Needless to say, when Thame looked up, he realized that he had set off a chain reaction which concluded with bottles smashing over innocent heads and bar stools breaking over people’s back. Someone caught hold of his shoulder, trying to spin him around and received a broken wrist for their effort. After avoiding getting caught in several larger brawls still breaking out throughout the bar, Thame found a dark corner. This gave him the time needed to cast an invisibility spell. He closed his eyes and began chanting in the ancient Elven language of curses and magic while his hands were clasped together, fingers intertwined in an intricate an ancient seal that made his index and middle finger resemble snakes fighting. With the spell cast in a matter of seconds, Thame snuck out the back door. Trudging through the city of Ardile with its skyscrapers and stone monoliths lining nearly every street, Thame’s invisibility spell began to wear off. His image fluctuated between a dim and fuzzy outline. The few people still in the streets at this ungodly hour scratched their heads in confusion, unable to believe what they were witnessing; the legendary invisible spell from a popular children’s novel. Most people shook the sight from their mind and kept walking, deciding to blame the unexplainable image on excessive alcohol consumed during an Ardile party. Once Thame was a safe distance from the bar and crowded streets of downtown, he let the weakening spell dissipate as a wave of nausea swept past his stomach and lodged in his throat. He grimaced forcing the bile back down.

After what seemed like an eternity traveling, Thame limped through the front door of his home, located on the outskirts of the Ardile suburbs and abandoned areas to the west. He was sweating and breathing heavily as he stumbled through the front hallway.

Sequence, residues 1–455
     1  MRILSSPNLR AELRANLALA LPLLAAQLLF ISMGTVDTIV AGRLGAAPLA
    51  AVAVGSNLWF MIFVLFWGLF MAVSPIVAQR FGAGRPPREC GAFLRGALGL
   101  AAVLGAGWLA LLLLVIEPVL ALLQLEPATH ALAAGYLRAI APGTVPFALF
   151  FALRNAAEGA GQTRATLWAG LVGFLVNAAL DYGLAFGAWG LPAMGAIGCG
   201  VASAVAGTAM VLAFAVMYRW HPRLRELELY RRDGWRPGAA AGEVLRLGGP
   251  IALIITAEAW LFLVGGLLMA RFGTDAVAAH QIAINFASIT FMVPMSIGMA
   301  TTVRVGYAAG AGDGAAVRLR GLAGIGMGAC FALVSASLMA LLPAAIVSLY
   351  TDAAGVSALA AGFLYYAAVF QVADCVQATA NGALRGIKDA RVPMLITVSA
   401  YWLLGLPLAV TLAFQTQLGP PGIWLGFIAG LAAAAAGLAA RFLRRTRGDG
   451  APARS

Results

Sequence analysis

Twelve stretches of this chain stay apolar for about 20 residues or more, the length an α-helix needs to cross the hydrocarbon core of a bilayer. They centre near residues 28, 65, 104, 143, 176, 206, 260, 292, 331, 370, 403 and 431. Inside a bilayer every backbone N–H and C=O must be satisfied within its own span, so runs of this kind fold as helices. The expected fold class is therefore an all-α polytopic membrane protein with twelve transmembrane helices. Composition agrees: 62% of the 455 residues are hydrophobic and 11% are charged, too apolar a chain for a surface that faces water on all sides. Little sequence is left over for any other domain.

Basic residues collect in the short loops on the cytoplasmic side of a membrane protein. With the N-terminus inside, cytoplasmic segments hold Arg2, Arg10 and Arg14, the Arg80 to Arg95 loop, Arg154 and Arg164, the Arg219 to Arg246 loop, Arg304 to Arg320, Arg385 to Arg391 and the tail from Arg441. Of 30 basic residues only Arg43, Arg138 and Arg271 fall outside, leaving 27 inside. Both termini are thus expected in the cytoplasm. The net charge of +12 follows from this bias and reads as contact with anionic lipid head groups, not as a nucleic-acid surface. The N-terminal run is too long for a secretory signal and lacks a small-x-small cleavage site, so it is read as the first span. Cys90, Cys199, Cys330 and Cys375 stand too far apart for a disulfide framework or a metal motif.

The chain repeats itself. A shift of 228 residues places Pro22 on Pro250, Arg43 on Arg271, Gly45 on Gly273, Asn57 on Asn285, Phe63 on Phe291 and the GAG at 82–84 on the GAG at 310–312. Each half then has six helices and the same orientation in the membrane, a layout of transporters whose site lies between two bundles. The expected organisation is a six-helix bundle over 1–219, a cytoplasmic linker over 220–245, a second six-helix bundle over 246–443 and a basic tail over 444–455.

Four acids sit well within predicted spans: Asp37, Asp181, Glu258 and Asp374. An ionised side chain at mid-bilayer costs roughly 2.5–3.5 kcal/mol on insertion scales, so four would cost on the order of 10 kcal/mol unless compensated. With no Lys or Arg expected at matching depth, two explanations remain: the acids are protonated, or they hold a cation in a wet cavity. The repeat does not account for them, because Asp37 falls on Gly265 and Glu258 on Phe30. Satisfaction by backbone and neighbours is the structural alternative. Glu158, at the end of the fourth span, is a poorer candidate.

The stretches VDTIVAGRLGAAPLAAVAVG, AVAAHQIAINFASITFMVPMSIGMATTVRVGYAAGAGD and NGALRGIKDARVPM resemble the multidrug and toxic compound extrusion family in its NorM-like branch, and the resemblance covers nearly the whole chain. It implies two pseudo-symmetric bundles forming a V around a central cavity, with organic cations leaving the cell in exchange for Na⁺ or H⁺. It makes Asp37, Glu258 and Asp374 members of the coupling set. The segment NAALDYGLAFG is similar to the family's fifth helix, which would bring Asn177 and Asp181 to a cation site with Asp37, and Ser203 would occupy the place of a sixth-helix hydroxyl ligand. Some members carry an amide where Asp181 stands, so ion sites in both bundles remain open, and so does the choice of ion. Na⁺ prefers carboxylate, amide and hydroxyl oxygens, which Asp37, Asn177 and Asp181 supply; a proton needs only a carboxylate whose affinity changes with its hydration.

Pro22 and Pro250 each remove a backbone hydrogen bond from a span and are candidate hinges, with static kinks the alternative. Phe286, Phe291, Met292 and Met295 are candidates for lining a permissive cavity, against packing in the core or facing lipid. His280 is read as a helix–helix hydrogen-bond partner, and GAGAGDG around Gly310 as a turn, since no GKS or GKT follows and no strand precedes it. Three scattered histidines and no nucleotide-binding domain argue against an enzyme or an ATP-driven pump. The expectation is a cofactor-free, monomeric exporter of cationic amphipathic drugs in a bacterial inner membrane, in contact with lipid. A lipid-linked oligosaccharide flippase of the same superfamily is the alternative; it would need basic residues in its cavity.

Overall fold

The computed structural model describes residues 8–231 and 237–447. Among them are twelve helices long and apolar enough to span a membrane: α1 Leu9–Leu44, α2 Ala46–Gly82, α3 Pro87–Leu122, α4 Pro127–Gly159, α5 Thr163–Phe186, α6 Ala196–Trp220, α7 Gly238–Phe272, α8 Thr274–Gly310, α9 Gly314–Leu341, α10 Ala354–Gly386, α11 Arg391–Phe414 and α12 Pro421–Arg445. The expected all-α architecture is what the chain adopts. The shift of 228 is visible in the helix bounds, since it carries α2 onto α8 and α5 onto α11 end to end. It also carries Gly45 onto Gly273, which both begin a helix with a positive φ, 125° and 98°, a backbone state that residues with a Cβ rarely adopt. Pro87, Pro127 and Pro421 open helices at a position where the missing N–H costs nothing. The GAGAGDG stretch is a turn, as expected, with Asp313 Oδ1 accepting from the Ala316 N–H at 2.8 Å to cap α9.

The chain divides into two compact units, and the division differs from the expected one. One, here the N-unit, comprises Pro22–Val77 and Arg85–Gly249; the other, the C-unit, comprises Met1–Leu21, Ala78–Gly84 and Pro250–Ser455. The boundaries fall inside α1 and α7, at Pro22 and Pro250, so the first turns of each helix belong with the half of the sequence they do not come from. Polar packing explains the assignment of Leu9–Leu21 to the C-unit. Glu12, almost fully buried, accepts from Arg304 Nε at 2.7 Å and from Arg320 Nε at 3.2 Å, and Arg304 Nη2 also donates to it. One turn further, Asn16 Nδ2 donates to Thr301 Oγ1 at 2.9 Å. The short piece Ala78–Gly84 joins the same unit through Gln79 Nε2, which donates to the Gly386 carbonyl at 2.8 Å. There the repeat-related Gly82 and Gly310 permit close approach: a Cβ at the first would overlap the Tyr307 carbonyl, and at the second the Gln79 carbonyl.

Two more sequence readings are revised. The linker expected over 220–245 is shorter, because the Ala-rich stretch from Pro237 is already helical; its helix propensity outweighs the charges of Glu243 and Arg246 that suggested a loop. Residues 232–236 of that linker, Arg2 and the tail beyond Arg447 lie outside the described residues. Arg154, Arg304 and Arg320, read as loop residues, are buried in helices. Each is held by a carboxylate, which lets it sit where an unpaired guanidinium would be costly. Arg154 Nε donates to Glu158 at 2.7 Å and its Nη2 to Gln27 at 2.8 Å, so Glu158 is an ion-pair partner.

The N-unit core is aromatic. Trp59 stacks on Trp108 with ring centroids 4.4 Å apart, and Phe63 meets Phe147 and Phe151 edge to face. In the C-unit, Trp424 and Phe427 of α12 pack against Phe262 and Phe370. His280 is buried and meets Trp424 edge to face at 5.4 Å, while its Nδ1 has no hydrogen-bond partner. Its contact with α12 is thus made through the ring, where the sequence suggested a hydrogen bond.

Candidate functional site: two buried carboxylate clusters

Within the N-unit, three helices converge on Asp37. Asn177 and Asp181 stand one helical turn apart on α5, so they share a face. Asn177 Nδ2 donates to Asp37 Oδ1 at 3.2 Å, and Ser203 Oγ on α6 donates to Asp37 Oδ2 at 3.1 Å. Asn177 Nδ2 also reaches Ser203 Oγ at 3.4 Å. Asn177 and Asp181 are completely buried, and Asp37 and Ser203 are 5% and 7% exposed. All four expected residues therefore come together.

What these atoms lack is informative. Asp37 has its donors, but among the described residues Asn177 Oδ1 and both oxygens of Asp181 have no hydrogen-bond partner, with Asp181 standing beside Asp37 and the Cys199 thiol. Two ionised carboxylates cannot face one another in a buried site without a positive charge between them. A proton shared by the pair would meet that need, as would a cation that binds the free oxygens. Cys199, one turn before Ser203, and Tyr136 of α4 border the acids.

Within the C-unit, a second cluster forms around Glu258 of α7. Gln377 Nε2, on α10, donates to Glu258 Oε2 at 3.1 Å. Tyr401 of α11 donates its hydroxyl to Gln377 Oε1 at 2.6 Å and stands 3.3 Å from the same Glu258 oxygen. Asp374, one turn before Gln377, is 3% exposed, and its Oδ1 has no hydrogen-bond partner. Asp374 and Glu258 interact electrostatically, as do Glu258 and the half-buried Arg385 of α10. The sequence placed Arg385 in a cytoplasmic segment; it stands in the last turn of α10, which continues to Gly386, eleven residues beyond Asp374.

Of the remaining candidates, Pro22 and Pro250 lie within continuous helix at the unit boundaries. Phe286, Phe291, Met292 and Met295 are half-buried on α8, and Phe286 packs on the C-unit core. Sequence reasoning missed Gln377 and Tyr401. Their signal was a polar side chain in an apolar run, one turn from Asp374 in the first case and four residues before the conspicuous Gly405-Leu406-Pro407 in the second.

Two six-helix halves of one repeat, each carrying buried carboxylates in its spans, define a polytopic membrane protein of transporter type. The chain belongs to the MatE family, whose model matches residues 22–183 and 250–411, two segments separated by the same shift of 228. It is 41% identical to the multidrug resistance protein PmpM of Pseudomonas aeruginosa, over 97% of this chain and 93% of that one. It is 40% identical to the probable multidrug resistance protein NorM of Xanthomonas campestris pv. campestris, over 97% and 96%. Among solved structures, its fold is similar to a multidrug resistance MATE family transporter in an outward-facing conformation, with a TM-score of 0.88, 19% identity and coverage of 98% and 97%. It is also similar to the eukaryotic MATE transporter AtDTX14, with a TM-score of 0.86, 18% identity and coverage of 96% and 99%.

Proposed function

“What happened to you?” asked Autumn Augustus, running to support her nephew. She was tall with glowing caramel colored skin. It was easy for her to support his weight as they moved to the kitchen where she laid him on the polished marble table.

“Too… much… m-magic,” said Thame.

“Brace yourself,” said Autumn, furrowing her eyebrows as a deep sigh escaped her full lips. She shook her head, looking down at her nephew, stroking his dark hair as he writhed in pain. Her long, dirty blonde hair fell to the middle of her back which she let hang loose. Autumn began chanting softly, eyes closed in deep concentration. Her hands glowed with a warm blue light. She placed each hand over Thame’s feet and slowly let the light soak into his body as she traversed up to his head.

“Your manna reserves are completely empty,” said Autumn in the tone of a stern yet caring mother; the anger was clear in her voice. “Give me a minute and I will fix a potion. You know performing magic without manna can kill you. What were you doing? What were you thinking Thame!”

“I was out getting answers,” he responded more harshly than intended. He knew that she was only trying to help but her rapid fire questions were annoying.

“This is ridiculous. You’re going to get yourself killed. Here, drink this,” she said, forcing a bright, lime green liquid into his hand.

The sweet smelling mixture filled his nostrils as he gulped down the drink. “They said he was a traitor,” said Thame, springing from the table with renewed vigor and wiping his mouth. “I have some reading to do.” He walked away waving the manila folder. In the den, Thame took a seat at the dark oak table next to the window. The twin moons of the planet Threa provided enough reading light for Thame’s keen eyes. He could also cast a Hidari spell to create a palmed size ball of light to illuminate the small corner he occupied but figured his aunt would be watching closely and reprimand him.

Autumn looked at her nephew and apprentice, despite the warning in her heart she knew it was time to reopen old wounds and give Thame the answers he so desperately craved.

Later that night, Thame lay in the bed fully clothed and contemplating the disturbing reports the informant had provided. Autumn walked in and turned on the lights.

“You should put the things you have read out of your mind,” said Autumn taking a seat at the desk situated in the corner of the room. She folded her arms on her lap as she crossed her legs.

“How do you suppose I do that?” replied Thame.

“Easy, focus on the good things that you remember and leave this quest for vengeance alone. I know where this path will take you.”

“How would you know?”

Autumn let out a deep sigh. Her shoulders sunk as if carrying five hundred pound weights. She stared into her nephews rage-filled brown eyes, keeping them glued to her bright grey pupils as she spoke. “Your father, Alex, made me promise to never tell you this, but…”